Ouch, That Hurts!

How pain is actually good for you

How pain is actually good for you
By Dr. Jeffrey Friedman, D.C.
Something I do often with my patients is discuss pain. It’s one of the only things that when you get it, you can’t wait to rid yourself of it. But the unpleasantness of pain is the very thing that makes it so effective and an essential part of life.
Pain protects you, it alerts you to danger, often before you are injured. It makes you move differently, think differently and behave differently, which also makes it vital for healing.
Sometimes, however, the punishment doesn’t fit the crime. Ever notice how much a little paper cut can hurt? Or a canker sore on the inside of your mouth can debilitate you? Sure, it’s a bummer. But the fact is that pain (although unpleasant), is a normal response to what your brain judges to be a threatening situation.
Your brain is key to controlling and handling pain. All you have to do is turn on the TV to see what I mean…just witness those people who can walk over piping hot coals, or musclemen who can pull a truck with their teeth! Bottom line is that if problems do exist in your joints, muscles, ligaments, nerves, immune system  — or wherever — it wont hurt if your brain does not register it as such.
Most commonly pain occurs when your body’s alarm system alerts the brain to actual or potential tissue damage. But this is only part of a big story. Pain actually involves all of your body systems and all of the responses that occur are aimed at protection and healing.
Ask any person suffering from chronic pain and they'll tell you it hurts, but they can function with it. It’s because they have learned to live with it and have adopted life strategies to deal with it. Ask anyone who has a low threshold and is in pain — they shut down and are unable to function.
In the case of pain, the perception is just as real as the reality. That’s something many people, including many health professionals, do not fully understand. But understanding pain — its effect on the brain and its role in protecting your overall health — can do wonders to help you deal with it and manage it more effectively.

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Barbara Moroch April 20, 2012 at 03:42 PM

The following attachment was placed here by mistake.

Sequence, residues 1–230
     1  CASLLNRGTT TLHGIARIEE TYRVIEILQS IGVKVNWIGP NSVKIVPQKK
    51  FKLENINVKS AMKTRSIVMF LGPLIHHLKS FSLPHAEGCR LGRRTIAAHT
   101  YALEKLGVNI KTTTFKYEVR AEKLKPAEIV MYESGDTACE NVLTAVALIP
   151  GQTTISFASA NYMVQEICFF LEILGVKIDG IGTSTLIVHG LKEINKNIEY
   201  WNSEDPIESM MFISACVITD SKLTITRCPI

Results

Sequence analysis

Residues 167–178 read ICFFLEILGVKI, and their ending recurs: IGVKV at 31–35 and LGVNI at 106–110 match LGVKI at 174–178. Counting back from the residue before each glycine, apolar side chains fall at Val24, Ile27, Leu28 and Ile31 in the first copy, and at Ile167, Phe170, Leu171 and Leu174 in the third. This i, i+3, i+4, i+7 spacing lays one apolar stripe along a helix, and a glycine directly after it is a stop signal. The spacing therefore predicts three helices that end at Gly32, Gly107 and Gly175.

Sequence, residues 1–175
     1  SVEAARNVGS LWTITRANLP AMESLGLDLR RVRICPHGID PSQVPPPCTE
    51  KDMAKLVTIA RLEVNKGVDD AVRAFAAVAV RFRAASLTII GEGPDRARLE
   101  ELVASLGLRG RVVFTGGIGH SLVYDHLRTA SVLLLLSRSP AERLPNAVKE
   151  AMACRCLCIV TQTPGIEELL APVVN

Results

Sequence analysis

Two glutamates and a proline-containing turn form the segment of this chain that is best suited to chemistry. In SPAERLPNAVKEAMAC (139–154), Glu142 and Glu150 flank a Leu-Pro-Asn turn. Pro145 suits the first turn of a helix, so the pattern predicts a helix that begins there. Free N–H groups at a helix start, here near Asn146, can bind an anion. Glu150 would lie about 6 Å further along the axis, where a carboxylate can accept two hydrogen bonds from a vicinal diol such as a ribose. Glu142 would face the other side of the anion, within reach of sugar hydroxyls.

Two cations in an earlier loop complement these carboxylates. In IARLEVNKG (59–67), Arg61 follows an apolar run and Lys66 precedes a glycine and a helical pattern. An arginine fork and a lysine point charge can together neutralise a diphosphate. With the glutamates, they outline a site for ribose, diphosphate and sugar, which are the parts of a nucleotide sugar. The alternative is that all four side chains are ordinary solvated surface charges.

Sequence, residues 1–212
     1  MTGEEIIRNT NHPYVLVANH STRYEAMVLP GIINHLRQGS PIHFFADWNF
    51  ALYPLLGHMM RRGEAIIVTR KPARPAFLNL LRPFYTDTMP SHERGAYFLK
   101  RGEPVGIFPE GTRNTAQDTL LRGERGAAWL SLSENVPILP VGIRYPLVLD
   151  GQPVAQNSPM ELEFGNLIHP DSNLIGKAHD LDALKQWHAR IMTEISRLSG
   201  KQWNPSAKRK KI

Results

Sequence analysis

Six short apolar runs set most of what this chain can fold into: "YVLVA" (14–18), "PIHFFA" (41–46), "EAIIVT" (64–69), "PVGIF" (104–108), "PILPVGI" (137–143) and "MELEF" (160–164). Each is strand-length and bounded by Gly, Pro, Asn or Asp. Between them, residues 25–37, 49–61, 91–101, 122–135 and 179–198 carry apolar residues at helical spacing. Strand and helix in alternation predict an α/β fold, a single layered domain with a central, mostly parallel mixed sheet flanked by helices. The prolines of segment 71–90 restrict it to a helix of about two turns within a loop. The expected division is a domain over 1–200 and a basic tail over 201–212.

If you're saying that pain has as much to do with your brain's perception of it, what kinds of mental strategies can I use to help lessen pain? I ask this because I have been suffering with achilles tendenosis for two years now and no medical treatment seems to help! Thanks...
Dr. Friedman April 23, 2012 at 03:02 PM
Their are for argument sake two types of personality profiles that are most common. the first type pain kicks in at a certain amount of activity, for ezample cycling, walking a certain distance, using a computer for a certain time or attending a lengthy function. The natural response is to stop the activity when pain starts. Over time the amount of activity at which pain is experienced slowly reduces, eventually leading to disability, disuse and probably depression. In my experience, this pattern is more common in people who are afraid of pain and re-injuring tissues and for people who are "passive coopers". The second is the boom or bust pattern in which pain comes on bout you persevere, you tolerate it as much as you can, and try to ignore it, until it goes boom and lays you up for several or more days. In my experience, this pattern is more common in people who are perfectionists, high achievers, energetic or who perceive that other people or institutions are in control of their situation. Does any of this fit with your situation?
Barbara Moroch April 29, 2012 at 12:26 AM
Yes, I'm definitely the kind who is afraid of pain and think that "working through it" will only worsen the situation.


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